The State of Federal Economic Adjustment Assistance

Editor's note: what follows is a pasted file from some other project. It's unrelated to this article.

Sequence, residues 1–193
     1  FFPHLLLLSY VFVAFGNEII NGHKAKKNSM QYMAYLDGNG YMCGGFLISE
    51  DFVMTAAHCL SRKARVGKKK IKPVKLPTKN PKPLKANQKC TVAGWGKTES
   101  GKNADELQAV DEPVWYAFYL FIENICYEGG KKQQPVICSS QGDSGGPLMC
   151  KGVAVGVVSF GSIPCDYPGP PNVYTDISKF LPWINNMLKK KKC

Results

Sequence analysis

Much of the most important work we do in economic development is about what government agencies call economic adjustment, i.e. helping workers, businesses, and communities affected by an economic shock, such as a plant closing or a wider economic downturn.  In the US, we pay lip service to supporting economic adjustment, but we don’t really deploy real money to support this important mission.  That’s my take-away from a new Government Accountability Office (GAO) inventory of Federal economic adjustment assistance programs.  This inventory is the first piece of a larger analysis of these programs requested by Senators Coons (D-DE) and Moore Capito (R-WV).  GAO researchers are always impartial and non-partisan, so the inventory offers a straight-up inventory with little editorial comment.  It identifies 15 federal programs and one tax expenditure program that support economic adjustment.  Examples include trade adjustment assistance for businesses and workers, the Pentagon’s Office of Economic Adjustment, and the POWER program focused on helping coal-impacted communities.  These are all excellent programs, and I’ve consulted for many of them.   This well-meaning and comprehensive inventory does not note (but I will) that these efforts are woefully underfunded.  My calculations suggest that total federal spending on these programs (FY 2017) was about $1.78 billion, with more than half of the funds devoted to worker retraining at the Department of Labor (WIOA Dislocated Worker Block Grants to States).  This may sound like a big number, but it is tiny in relation to the needs of laid-off workers, their families, and distressed communities.  Recent research from the OECD and others suggests that the US needs to step up its game in terms of helping displaced workers deal with job loss, and gain new skills to re-enter the workforce.   I hope this work from GAO can help stimulate more discussion on this important topic.

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